ROCKFORD, Ill. (WTVO) — Nearly 1 million military veterans suffer from Post Traumatic Stress Disorder (PTSD). Sadly for some, the suffering can end in suicide. An average of 17 veterans took their own lives every day in 2019.
Luckily, some are now finding hope with the healing power of music. One veteran tells Eyewitness News that an acoustic guitar has brought him back to life.
“You just get lost in it. It’s just tremendously relaxing. It’s a peaceful place to be,” explained Bernie Kampf, a veteran and the instructor for Guitars for Vets.
The mission of Guitars for Vets is to mend minds through music. The organization assists veterans working through mental health issues after returning home from war.
“Each set of lessons is structured specifically for that particular veteran. And we give them a loaner guitar to take home and everything they need to practice for the ten weeks,” Kampf said.
Participants are set up with one-on-one lessons–earning a free guitar after 10 weeks. Following graduation, instructors encourage alumni to form guitar jam groups–getting them out of the house into a safe, supportive setting to help them continue to grow.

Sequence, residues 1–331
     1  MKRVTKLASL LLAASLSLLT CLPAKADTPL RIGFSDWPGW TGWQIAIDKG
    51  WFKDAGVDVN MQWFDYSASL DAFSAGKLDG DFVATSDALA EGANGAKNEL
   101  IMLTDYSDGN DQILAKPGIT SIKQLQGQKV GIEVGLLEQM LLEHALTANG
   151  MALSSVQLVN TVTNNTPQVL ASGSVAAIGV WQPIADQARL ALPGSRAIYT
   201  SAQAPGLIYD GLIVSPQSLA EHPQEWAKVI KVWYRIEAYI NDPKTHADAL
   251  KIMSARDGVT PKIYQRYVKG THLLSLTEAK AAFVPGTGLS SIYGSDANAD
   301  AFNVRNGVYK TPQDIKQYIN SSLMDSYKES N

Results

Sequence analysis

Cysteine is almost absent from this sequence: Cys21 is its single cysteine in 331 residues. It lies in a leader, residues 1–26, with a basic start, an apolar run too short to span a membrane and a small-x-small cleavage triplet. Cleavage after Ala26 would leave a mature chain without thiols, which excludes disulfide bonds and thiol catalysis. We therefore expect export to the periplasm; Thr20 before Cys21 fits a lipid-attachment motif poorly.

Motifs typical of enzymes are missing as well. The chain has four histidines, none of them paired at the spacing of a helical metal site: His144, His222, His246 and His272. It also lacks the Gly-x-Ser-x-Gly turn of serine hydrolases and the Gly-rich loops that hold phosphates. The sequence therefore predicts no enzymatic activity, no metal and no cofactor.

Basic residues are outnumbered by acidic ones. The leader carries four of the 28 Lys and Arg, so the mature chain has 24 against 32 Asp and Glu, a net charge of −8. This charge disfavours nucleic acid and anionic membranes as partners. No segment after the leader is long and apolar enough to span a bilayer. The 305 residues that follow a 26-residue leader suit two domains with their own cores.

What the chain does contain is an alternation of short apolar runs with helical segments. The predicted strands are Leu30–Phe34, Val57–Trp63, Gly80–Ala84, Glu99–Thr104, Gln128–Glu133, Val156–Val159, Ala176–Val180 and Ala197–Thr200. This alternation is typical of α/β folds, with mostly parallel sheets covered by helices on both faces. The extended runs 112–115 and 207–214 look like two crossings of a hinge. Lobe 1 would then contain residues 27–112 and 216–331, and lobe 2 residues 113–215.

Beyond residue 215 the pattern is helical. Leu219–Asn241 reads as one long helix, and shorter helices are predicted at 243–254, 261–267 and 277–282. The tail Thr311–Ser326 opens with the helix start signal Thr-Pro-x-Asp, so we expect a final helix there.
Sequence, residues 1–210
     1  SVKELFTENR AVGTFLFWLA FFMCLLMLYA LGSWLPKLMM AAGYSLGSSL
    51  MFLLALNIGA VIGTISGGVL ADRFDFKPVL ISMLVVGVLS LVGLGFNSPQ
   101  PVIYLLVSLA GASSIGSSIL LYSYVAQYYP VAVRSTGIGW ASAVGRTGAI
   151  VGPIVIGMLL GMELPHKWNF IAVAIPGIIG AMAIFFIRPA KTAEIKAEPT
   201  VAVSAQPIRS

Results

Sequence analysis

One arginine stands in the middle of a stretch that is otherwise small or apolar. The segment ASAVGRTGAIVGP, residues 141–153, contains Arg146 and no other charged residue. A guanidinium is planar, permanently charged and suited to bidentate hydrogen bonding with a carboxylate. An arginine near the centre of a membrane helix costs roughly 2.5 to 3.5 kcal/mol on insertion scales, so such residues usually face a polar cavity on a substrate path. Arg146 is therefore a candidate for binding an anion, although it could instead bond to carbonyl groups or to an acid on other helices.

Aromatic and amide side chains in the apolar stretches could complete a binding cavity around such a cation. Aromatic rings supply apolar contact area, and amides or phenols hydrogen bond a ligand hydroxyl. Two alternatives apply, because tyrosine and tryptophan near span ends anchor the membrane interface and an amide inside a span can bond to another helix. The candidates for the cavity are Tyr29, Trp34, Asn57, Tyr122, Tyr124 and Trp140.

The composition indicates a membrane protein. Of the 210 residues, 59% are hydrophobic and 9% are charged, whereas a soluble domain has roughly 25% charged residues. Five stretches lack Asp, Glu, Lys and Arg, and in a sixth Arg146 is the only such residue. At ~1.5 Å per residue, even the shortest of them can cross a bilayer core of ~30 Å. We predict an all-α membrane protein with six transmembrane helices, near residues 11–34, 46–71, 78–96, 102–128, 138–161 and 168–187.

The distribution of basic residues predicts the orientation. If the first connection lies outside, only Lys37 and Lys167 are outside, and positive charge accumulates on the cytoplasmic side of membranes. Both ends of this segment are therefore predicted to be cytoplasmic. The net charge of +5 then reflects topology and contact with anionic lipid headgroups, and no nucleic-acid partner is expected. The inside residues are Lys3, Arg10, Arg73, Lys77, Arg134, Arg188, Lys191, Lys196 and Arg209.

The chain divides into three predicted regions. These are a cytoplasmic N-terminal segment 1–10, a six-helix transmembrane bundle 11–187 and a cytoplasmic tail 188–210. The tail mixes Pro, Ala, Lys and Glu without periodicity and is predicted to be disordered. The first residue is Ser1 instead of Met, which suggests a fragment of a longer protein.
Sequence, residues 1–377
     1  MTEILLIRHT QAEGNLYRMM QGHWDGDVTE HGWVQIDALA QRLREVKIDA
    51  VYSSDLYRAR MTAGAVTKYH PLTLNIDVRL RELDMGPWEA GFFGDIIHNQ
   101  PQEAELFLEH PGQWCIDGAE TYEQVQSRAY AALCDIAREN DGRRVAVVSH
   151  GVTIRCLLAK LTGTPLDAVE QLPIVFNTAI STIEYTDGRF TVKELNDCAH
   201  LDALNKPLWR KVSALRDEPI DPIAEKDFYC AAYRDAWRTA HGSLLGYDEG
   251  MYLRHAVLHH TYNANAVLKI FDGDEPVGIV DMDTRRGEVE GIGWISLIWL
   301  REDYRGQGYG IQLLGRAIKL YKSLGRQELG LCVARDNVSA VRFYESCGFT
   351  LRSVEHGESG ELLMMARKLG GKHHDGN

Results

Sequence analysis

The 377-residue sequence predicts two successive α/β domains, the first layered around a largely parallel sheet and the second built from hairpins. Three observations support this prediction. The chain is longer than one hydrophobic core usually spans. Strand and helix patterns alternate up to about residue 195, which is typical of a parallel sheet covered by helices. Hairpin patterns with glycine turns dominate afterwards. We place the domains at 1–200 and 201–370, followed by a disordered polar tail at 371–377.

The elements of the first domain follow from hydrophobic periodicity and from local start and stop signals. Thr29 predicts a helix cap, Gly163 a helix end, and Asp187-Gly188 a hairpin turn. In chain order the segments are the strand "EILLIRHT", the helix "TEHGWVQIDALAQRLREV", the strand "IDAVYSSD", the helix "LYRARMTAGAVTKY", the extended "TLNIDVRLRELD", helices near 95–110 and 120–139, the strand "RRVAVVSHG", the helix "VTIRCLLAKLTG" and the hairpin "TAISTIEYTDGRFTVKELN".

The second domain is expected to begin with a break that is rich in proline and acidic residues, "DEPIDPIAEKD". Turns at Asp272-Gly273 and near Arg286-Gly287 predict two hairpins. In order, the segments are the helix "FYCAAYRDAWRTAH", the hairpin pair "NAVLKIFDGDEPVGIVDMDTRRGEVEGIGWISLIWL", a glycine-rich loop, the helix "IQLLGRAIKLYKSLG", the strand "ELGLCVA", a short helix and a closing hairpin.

“You start playing a guitar, and you can feel it vibrating, you can feel things happening and it just helps you not think about anything else,” Kampf described.
Guitars For Vets Operations Director Bernie Kampf is a veteran himself and says all vets are welcome–whether they already have a background in music or if it’s their first time picking up a guitar.
“I’ve been doing this 10 years. I’m retired, I’m a veteran, I’ve been playing guitar all my life and I can’t think of anything better I’d rather do with my life right now,” he explained.
Marshall ‘Muddy’ Boyle served in the United States Marine Corps. He joined the organization after untreated mental health issues resulted in a brush with death. Boyle says music kept him alive.
“September of 2017 is when I drank myself to death. I was dead for three minutes and allowed to be alive. I wondered a long time why I was still alive, and it just kind of hit me that… so others may live,” Boyle said.
With service dog Lucy standing by for support, Muddy preserved through each lesson–receiving the coveted guitar/diploma and lifelong friendships at the finish line.
“You’re able to accomplish something, you’re able to be part of a team again, a group. When we were in the services we probably would have punched each other in the jaw, now we’re just like brothers,” Boyle added.
“To me, that’s what the program is all about. It’s not about making great players, it’s about giving people something positive to hold on to,” Kampf concluded.
To make a donation to Guitars for Vets, click here.
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